A204: A PROMS enabled, bespoke, web-based clinical database system for multicentre rectal Carcinoma registry

Mark Halling-Brown1,Adrian Franklin1,Alexandra Stewart1

1St. Luke’s Cancer Centre, Royal Surrey County Hospital, Guildford, Surrey, UK

Presenting date: Monday 2 November
Presenting time: 13.10-14.00


A clinical data registry was required to support the data requirements of the UK patients undergoing rectal brachytherapy. These requirements included the need to allow Patient Reported Outcome Measures (PROMS) data entry, multi-centre access, discussion forums and customised data extraction and visualisation. Additionally the ability to connect data feeds from other sources (e.g. imaging, genetics, pathology) was key to driving a bespoke solution.


A bespoke, extendable and customisable web-based clinical data repository system has been developed in-house. PROMS data entry is achieved by allowing data managers to assign each case a patient login. Patients are able to enter data via a simple web-interface or App before/during consultation. The registry has been designed to allow multi-centre data input while allowing consultants from disparate centres to be given permission to view other centres cases.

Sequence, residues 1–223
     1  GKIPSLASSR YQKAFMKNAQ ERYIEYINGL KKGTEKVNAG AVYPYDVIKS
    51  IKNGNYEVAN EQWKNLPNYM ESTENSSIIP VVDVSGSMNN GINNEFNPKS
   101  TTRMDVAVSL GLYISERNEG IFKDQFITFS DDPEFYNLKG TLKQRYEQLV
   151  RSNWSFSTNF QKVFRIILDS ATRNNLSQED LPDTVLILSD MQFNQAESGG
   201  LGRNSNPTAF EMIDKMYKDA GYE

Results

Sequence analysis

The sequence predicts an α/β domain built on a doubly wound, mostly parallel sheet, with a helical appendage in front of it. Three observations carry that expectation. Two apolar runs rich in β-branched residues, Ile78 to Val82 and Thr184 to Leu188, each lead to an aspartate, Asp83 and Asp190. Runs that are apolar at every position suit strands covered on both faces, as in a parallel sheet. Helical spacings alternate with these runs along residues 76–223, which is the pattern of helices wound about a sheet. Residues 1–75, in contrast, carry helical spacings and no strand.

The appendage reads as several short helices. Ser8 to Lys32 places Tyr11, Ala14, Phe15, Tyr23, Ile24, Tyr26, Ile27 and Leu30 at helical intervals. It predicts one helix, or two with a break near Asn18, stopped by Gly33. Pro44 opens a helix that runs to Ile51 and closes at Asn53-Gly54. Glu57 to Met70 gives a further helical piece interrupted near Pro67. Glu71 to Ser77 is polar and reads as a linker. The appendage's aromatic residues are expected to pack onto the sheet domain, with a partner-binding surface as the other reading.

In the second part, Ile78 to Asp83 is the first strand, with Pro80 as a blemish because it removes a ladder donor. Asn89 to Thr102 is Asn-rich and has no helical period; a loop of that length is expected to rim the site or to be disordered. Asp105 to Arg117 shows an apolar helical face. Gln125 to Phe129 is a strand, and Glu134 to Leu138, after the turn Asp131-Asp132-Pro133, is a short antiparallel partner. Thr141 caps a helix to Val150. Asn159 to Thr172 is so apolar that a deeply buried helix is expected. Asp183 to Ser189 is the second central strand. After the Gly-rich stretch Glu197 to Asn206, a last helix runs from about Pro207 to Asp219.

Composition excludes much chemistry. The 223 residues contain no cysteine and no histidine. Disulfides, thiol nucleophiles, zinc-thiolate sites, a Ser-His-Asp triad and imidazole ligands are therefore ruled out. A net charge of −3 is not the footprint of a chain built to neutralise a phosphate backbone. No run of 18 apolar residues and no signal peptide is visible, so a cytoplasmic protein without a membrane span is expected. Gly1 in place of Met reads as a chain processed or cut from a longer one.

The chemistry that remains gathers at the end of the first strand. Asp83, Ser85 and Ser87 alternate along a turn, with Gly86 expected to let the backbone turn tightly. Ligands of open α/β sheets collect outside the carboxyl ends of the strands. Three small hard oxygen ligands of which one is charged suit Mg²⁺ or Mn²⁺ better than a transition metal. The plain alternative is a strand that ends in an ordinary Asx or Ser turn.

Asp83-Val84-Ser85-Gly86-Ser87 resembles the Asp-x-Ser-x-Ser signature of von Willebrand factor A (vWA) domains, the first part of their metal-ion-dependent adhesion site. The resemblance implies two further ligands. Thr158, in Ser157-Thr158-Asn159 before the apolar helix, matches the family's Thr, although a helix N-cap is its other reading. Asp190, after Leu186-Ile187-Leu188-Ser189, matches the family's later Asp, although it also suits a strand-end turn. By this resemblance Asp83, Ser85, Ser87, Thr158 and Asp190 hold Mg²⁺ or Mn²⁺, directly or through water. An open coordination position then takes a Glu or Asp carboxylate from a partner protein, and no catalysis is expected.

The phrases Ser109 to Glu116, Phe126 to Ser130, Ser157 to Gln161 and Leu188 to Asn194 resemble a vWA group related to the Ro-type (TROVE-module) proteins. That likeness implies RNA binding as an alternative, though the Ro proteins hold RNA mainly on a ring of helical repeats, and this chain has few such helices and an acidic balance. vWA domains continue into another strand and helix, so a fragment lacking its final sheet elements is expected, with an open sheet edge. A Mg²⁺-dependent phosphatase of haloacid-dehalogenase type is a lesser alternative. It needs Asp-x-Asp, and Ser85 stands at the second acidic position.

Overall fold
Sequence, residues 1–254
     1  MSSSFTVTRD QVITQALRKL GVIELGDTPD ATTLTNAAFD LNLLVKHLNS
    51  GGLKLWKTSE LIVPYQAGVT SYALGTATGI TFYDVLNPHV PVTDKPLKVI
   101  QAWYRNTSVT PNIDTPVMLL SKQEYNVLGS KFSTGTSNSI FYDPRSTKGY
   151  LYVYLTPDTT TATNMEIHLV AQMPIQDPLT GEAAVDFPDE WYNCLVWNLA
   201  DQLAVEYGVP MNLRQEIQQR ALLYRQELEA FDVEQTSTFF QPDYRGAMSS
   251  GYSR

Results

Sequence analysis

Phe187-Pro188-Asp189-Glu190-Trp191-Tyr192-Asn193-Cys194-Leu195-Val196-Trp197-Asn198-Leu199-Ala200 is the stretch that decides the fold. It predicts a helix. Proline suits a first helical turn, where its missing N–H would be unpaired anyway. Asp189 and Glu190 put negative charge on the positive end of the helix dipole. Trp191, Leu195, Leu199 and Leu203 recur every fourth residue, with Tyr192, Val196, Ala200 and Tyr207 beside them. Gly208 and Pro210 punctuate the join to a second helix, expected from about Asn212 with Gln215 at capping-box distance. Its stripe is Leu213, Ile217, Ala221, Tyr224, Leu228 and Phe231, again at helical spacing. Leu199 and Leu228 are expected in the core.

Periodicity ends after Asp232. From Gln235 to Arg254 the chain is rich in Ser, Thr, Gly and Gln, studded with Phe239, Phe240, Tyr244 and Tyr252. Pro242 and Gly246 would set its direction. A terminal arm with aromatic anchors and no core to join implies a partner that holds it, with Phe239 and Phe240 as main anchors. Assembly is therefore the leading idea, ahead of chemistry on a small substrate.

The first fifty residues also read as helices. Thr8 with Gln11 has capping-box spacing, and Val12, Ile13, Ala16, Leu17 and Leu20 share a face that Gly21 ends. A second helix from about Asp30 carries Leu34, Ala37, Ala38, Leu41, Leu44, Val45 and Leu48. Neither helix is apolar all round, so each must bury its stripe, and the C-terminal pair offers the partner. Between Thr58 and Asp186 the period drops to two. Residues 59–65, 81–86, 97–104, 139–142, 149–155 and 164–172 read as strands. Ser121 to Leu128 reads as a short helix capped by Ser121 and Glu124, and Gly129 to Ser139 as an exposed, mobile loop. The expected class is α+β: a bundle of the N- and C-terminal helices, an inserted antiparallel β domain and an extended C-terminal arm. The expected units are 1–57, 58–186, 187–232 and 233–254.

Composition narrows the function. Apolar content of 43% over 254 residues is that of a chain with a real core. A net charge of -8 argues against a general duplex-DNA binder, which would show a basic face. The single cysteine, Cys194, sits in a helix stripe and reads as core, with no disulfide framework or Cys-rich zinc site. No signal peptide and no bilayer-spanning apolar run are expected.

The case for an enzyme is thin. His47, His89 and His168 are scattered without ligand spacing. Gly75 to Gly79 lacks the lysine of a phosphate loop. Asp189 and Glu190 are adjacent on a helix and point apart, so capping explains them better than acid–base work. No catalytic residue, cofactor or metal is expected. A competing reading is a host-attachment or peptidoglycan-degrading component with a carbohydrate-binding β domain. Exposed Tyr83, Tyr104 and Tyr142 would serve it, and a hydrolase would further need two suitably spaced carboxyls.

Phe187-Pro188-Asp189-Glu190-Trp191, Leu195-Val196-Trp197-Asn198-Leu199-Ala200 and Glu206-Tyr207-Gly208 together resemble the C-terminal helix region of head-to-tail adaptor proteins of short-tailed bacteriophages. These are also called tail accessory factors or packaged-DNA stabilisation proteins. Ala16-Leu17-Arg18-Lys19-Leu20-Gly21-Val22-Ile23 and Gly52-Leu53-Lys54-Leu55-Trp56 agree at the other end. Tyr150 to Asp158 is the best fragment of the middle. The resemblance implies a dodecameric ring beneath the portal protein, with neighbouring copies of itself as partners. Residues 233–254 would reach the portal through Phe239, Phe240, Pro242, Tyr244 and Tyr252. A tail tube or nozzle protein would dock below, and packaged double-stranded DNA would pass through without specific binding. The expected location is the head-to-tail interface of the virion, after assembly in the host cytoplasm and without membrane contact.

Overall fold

Contact brachytherapy for rectal cancer provides an organ-sparing approach for patients with low rectal cancer. It can also be used in surgically unfit patients to give better control than external beam radiotherapy alone. Papillon therapy carries a slightly higher risk of local recurrence than surgery but relapse can be treated with surgical excision. As a new technique, relatively few patients have had treatment, so research is needed to better understand how it can help to tackle certain forms of rectal cancer. An extendible web-enabled database has been developed which allows a bespoke and advanced data registry to be developed and deployed relatively rapidly.


A national rectal carcinoma registry has been created, which will research and track the effectiveness of Papillon treatment for all UK Papillon patients and follow potential toxicity from the procedure. Patient access and data entry will allow documentation of PROMS and survivorship issues and give a patient-led focus to follow up for this motivated group of patients.